The public and private sectors – along with myriad advocacy groups – have scaled up efforts to support veterans who are looking to start a business throughout the past several years. Thanks to their inherent leadership skills and plenty of other strengths acquired in the military, veterans have been known to make exceptional managers, executives and entrepreneurs. With the economy running strong, now is a great time for veterans to step into business ownership.
"Resources are abundant for veteran entrepreneurs."
Resources span from specialized loan programs from the U.S. Small Business Administration and other groups – including private banks – to support and guidance from governmental agencies and advocacy organizations. As one of the more important aspects of succeeding in the enterprise is a sound understanding of business, degree programs are also expanding for the veteran entrepreneur community.
Southern California Public Radio recently reported that the University of Southern California has crafted a business degree program in such a way that specifically seeks to educate veterans, titled the Master of Business for Veterans. According to the news provider, roughly 140 service members have completed the program in the four years since its inception, and many have been especially happy with the lessons related to re-acclimation.
"We could be sitting around the table in a project group in the civilian world where there's nobody in charge – everybody is of equal status," Army veteran James Bogle told the source. "And you now have to figure out how to get the job done when there's nobody directing. Among the most important factors of your success in the civilian world are whether or not the people you work with like you. And that's simply not a factor in the military."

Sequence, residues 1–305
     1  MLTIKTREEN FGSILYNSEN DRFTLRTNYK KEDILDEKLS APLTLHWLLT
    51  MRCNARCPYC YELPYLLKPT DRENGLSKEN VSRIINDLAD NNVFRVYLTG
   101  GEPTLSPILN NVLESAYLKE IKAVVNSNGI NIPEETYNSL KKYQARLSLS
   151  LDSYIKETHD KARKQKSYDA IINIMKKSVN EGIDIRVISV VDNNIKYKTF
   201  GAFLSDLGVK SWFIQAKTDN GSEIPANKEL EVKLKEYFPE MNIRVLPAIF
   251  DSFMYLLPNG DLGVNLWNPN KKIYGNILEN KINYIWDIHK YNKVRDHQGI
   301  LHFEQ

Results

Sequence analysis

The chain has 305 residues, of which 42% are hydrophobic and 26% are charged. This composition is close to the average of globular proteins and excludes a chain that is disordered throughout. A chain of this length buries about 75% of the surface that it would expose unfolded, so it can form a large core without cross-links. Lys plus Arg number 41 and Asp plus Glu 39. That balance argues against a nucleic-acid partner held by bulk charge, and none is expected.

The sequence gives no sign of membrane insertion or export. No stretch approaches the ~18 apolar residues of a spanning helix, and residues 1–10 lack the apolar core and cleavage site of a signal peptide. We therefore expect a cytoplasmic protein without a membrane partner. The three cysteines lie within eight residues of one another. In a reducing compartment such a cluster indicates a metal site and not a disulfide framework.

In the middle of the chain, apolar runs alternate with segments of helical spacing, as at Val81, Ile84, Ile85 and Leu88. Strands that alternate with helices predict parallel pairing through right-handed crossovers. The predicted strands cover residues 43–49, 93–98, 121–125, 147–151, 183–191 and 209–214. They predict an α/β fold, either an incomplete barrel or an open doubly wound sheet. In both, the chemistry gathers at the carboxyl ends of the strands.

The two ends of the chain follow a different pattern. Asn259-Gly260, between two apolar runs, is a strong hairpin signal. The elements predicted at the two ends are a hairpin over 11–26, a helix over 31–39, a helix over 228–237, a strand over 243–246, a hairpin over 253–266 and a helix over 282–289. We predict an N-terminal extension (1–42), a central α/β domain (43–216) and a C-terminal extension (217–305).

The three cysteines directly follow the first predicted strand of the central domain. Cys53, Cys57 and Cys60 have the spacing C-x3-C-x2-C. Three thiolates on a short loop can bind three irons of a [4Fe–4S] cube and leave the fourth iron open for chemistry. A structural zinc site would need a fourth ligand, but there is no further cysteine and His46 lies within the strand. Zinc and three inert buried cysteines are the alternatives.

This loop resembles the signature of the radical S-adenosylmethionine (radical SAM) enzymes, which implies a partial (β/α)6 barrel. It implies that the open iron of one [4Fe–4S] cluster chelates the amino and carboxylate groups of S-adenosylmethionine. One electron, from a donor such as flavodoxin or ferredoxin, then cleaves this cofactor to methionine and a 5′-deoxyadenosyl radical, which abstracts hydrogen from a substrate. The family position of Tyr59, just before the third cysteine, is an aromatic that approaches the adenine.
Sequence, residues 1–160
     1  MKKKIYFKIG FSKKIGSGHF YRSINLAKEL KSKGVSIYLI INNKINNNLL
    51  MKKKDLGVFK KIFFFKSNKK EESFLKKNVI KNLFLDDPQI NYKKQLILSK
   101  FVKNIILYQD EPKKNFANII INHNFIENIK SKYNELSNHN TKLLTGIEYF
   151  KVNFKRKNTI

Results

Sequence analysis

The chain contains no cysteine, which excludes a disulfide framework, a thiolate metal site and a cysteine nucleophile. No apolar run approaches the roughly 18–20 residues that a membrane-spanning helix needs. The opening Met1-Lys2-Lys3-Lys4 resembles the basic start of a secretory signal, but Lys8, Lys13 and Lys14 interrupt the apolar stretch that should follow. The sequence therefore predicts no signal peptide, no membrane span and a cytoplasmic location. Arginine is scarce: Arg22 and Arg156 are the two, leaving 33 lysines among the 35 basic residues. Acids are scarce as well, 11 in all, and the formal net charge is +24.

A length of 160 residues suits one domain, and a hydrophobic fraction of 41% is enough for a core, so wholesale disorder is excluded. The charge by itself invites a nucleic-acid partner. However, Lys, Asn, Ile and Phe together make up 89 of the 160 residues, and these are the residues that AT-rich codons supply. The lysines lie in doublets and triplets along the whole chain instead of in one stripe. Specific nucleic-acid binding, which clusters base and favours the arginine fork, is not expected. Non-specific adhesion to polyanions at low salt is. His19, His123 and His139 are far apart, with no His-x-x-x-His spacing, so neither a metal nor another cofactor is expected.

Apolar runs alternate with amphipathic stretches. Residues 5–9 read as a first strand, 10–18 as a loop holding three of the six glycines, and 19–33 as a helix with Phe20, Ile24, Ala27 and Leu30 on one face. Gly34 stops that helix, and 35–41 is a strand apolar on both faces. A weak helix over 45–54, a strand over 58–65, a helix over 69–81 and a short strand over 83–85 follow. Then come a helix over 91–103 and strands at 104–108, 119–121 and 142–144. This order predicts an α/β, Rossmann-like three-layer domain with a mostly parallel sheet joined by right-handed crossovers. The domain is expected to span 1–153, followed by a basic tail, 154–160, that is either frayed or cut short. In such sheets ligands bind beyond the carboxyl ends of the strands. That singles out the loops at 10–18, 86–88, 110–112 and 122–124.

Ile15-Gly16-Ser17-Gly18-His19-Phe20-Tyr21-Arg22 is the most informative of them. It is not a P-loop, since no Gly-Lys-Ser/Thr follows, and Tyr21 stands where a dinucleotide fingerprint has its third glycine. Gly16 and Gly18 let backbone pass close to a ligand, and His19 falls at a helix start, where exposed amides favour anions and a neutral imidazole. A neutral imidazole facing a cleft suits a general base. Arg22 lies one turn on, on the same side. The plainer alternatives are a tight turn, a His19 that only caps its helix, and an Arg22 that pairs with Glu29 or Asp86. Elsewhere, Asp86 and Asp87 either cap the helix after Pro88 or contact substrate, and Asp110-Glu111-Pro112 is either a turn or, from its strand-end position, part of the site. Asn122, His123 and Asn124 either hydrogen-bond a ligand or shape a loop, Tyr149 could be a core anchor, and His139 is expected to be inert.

Interestingly, SCPR noted that about 20 percent of the veterans who have completed the degree went on to launch businesses of their own, showing just how effective the program is in leading service members toward entrepreneurship.
Military Times reported that one nonprofit, Bunker Labs, is touring the nation in efforts to give veterans an opportunity to pitch their small business ideas between this summer and next spring. The tour will be stopping in Tennessee, Missouri, North Carolina, Wisconsin, Texas, Pennsylvania, Florida, the District of Columbia, Washington state and California over the next 10 months, while investors will be present to hear the entrepreneurial ideas of veterans in attendance.
The news provider noted that the chief executive officer of Bunker Labs, Navy veteran Todd Connor, is confident that this tour will have a positive impact on veterans who are looking to launch a business.
"Entrepreneurship is not a single-player sport," Connor told Military Times. "You need people, you need community, you need friends, you need customers, you need employees. Organizations like Bunker Labs pull together community and give them a place to show up both online and in person."
Veterans should take these opportunities to launch their business careers whenever they get the chance.